6.1 Key trends
Sustainability and resilience are two sides of the same coin. COVID-19 and trade tensions have provided insights on the potential impact of supply-chain shocks, including those arising from extreme weather events. In part due to rising commodity prices and growing consumer commitment to sustainability, there are signs of a rapid take-off in platforms supporting the circular economy, in particular for the exchange of second-hand goods.
- Smart supply chains are essential for the shift to net zero, stopping human rights violations and ending deforestation.
- With rising commodity prices, scrutiny over resource-related impacts and carbon border charges, companies are rethinking their approach.
- The circular economy is taking shape, from the marketplaces in secondhand goods to smarter logistics platforms.
Global trade volumes suffered in the past year, but were already well below expectations in the years leading up to the pandemic. Supply-chain concerns spiked in the early days of the pandemic and roared back in early 2021. Supply chains are being tested in multiple ways: the pandemic, the climate crisis, cybersecurity, and trade-policy conflicts as part of broader geopolitical disputes.
Supply-chain disruption is resulting in spiking prices and delayed shipments. Producers are running down inventories and they struggle to restock.
Copper is a highly efficient conductor of electricity and heat. It is used in renewable energy systems to generate power from solar, hydro and others. High prices could dissuade investment.
Resource experts are also anticipating much finer differentiation between commodities according to their environmental and social performance, aided by smart technology.
There will be no one price for copper. There will be no more one price for gold. Everything will be priced in relation... to how much global-warming gas is created in making that commodity.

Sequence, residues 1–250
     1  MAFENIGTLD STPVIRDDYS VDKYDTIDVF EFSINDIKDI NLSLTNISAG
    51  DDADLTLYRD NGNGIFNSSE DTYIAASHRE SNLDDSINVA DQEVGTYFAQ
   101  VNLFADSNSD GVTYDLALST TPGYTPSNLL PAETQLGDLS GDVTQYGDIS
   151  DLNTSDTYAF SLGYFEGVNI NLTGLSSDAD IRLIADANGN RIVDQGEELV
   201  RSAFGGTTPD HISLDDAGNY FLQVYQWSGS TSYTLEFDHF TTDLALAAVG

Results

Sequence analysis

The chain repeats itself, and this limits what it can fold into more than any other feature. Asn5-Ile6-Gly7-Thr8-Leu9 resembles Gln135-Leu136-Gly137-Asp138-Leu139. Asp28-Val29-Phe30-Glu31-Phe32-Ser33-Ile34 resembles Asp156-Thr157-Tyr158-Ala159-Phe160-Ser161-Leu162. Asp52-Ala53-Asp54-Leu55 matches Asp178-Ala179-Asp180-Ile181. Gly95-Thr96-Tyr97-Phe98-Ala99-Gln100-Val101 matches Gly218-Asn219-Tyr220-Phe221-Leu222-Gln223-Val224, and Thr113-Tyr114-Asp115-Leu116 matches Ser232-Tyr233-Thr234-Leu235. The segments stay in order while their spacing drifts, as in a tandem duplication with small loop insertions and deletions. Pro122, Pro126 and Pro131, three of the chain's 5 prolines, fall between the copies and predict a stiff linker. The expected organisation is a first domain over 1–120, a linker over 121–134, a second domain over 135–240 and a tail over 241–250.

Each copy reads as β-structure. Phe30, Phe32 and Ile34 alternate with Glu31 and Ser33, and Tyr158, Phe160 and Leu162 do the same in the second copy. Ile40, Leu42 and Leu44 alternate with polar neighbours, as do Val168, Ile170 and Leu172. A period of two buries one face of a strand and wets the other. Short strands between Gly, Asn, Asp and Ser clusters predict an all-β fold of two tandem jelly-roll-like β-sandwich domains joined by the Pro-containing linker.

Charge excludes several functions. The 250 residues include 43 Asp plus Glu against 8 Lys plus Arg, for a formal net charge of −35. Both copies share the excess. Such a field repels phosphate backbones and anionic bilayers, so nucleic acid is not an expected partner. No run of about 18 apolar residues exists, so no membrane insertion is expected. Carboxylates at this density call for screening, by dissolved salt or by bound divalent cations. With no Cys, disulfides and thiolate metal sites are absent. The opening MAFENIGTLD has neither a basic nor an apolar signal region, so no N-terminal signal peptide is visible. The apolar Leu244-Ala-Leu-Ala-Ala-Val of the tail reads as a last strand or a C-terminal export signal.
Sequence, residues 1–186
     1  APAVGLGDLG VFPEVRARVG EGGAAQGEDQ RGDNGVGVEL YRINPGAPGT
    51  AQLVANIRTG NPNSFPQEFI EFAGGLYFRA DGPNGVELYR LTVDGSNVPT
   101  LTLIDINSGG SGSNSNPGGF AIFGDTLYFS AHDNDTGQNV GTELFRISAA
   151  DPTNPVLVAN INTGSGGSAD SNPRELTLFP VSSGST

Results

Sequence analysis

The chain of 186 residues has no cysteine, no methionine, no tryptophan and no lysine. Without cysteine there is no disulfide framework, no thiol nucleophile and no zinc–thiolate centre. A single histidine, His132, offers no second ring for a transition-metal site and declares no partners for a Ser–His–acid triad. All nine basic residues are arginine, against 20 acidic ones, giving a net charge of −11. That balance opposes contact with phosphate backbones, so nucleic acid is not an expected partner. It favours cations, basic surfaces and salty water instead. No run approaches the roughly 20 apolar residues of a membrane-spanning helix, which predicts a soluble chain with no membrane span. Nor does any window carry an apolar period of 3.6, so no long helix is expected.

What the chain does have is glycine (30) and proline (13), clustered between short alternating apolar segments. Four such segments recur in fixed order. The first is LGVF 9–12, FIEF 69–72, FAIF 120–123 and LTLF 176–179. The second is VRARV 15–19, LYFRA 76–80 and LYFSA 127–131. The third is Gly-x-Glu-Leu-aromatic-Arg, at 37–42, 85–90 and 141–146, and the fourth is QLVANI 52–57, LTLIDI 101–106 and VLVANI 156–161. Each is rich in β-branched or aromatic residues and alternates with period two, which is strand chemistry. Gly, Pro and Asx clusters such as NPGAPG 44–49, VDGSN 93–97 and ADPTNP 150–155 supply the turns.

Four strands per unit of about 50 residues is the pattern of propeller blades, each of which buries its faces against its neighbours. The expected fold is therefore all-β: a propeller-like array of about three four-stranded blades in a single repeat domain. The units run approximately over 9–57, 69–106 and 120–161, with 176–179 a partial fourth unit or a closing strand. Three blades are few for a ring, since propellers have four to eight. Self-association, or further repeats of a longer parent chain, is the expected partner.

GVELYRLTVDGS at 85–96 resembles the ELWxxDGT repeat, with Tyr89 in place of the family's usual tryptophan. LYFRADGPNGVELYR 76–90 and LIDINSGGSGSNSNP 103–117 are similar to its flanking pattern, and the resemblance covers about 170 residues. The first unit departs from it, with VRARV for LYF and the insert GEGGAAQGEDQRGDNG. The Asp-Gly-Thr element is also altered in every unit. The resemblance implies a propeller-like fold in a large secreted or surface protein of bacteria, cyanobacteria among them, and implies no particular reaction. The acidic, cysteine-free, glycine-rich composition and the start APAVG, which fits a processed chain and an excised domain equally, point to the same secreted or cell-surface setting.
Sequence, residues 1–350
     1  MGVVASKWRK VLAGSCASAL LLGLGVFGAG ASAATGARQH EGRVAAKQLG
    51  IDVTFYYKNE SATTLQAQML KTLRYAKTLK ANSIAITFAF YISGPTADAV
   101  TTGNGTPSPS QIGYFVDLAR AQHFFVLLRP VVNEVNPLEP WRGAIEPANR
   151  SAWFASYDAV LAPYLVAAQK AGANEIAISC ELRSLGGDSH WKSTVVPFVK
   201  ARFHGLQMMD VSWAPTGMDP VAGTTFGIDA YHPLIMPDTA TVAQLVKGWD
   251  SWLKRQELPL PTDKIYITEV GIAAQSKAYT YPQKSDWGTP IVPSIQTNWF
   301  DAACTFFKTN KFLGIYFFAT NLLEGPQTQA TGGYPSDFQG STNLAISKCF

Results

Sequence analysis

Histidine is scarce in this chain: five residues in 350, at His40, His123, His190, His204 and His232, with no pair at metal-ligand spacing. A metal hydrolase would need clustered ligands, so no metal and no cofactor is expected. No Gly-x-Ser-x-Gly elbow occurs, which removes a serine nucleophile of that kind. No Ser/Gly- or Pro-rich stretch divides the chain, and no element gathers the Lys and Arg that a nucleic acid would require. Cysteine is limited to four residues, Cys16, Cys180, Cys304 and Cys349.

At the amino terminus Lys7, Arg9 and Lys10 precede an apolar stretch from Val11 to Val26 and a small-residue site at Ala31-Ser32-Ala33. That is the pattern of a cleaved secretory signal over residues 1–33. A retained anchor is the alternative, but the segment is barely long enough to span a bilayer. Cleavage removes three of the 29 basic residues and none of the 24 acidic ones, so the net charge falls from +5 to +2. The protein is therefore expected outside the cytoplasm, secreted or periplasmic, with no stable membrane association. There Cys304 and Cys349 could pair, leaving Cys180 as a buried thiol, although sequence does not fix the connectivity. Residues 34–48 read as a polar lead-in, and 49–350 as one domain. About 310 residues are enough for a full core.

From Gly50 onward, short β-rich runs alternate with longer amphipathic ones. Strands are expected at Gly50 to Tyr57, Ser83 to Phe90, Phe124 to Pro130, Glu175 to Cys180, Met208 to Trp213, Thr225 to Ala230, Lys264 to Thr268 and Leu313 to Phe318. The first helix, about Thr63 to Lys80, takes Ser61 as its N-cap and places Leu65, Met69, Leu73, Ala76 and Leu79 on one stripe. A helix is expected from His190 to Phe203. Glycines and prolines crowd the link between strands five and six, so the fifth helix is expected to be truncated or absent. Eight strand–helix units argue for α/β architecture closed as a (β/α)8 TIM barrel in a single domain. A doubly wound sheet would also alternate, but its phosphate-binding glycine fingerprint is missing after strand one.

Many people have made radical behavioural changes during the pandemic. More people have woken up to the environmental impact of consumer choices.
Search interest in “sustainability” noticeably spiked in 2020.
E-commerce has seen three years of growth in one. Generation's research has shown that online shopping at large retailers in the United States is 17% more carbon-efficient than visiting traditional stores.
Consumers face a barrage of misleading information on sustainability. In the European Union, a recent survey found that half of all claims made by traders on environmental issues came with insufficient information for consumers to judge the claim's accuracy. Just under half were false or deceptive and could therefore potentially amount to unfair commercial practice.
National consumer protection authorities had reason to believe that in 42% of cases the claims were exaggerated, false or deceptive and could potentially qualify as unfair commercial practices under EU rules.
Miners are beginning to directly compete with each-other in terms of their ESG credentials to win commercial advantage, reshaping their business models where needed to achieve this.
Daniel Litvin, Critical Resource
6.2 Rethinking value chains for sustainability and resilience
This is likely to be the result of the disruption of the pandemic. However, the long-run trend is clearly towards more investment.
Mentions of “resilience” spiked last year, as more companies became concerned with ensuring that goods and services could continue to be delivered in the face of massive global disruption.
Concerns around human rights and cotton production go back many years, but they rose up the agenda this year with Xinjiang in western China. The response to allegations of forced labour of ethnic minorities in the region highlighted gaps between leaders and laggard companies.
Worker in a cotton field. Xinjiang Uyghur Autonomous Region. China. Image: agefotostock/ Alamy Stock Photo